There are other circumstances related to OT environments that create unique security challenges for utilities.
Utilities use proprietary, purpose-built technologies to run their operations; these are not standard off-the-shelf systems. As a result, vendors don’t offer security patches for such systems at the same speed and frequency they do for their standard applications. Instead, vendors take more time to test and issue patches to fix identified security problems within proprietary software. Vendors that offer weekly or monthly patches for their standard software could take 4-6 months to release patches for custom-built OT systems. Meanwhile, hardware vendors might only come out with updates once a year. That means utilities must live with known vulnerabilities within their environments for months and therefore should know how to configure their security strategies accordingly.
OT systems also tend to have significantly longer lifecycles than IT applications and platforms. It’s not uncommon to find operational technologies that are 15 to 20 years old; a utility, for example, could have decades-old switch relays. Contrast that with IT systems, which today typically have lifecycles of five years or less. Consequently, most or even all of the systems within a modern IT stack have been built with current security risks and threats in mind. On the other hand, those old OT systems have no such built-in considerations; they simply weren’t designed to handle modern cybersecurity threats.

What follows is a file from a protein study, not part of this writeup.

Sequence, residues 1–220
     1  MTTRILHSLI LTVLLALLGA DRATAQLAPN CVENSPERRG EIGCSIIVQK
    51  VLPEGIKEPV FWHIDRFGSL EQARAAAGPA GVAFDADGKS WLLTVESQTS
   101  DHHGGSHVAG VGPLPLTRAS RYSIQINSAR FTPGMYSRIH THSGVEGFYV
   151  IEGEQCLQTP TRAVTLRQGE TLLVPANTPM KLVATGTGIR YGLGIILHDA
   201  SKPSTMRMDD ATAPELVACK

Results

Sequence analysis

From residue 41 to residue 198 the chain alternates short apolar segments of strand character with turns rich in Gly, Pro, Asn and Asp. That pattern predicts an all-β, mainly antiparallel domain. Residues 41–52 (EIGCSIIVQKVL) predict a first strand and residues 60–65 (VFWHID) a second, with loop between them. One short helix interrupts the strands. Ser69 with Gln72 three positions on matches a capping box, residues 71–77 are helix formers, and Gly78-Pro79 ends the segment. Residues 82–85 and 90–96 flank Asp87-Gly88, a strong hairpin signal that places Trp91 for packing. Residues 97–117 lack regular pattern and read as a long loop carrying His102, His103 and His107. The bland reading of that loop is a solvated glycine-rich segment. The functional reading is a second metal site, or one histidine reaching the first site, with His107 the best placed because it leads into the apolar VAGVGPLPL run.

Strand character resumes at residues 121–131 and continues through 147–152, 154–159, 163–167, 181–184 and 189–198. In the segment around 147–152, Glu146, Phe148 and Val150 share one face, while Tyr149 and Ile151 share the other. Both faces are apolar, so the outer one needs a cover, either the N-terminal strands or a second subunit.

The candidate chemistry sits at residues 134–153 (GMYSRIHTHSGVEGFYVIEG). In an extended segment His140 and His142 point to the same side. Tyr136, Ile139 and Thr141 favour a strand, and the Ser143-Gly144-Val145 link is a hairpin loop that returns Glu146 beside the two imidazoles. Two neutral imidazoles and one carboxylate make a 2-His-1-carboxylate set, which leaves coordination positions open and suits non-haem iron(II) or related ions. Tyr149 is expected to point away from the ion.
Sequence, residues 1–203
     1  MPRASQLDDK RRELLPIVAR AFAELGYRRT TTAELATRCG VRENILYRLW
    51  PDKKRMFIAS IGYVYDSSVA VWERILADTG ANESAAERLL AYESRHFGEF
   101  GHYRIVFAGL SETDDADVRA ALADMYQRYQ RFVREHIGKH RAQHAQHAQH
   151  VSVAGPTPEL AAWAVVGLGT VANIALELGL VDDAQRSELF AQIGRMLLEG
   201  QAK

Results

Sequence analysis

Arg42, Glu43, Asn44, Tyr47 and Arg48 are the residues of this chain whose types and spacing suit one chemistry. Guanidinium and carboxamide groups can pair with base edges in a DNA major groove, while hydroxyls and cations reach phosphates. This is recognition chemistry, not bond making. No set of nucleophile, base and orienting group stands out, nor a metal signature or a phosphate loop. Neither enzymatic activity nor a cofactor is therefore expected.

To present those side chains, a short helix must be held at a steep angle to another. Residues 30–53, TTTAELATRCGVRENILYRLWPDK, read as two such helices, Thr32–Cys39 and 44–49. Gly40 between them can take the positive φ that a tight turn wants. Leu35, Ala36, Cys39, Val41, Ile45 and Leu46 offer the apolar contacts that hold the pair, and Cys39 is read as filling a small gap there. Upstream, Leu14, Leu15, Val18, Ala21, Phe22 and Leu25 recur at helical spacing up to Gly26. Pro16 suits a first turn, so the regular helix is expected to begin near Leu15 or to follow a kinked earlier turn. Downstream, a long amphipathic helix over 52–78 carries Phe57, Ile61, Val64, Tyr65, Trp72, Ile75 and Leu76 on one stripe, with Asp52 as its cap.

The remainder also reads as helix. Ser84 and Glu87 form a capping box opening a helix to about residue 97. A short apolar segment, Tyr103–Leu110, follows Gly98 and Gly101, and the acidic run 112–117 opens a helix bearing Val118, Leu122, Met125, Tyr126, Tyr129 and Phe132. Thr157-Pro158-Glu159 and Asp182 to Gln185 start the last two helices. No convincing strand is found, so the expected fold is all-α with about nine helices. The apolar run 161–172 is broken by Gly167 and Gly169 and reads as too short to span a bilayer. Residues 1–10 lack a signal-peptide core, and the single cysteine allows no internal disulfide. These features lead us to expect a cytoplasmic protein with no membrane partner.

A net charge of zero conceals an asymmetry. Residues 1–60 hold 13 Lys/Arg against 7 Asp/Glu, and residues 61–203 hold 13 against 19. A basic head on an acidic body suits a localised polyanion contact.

Moreover, those older OT systems are usually end of life. That means vendors aren’t issuing any more patches even as they uncover new security vulnerabilities. And utilities often must run outdated, unsupported IT systems, such as older versions of Microsoft Windows, because they need those legacy IT systems in place to work with the legacy OT systems. That further complicates the security scenario within the OT environment.
Now there is some good news on the security front for utilities. A typical OT environment has a much lower number of gateways to the Internet, if any, than a standard IT environment, making OT environments a bit safer from external breaches when compared to IT infrastructures.
That, however, hardly negates the cybersecurity risks to utilities – and the significant consequences that could come with a successful cyber-related breach.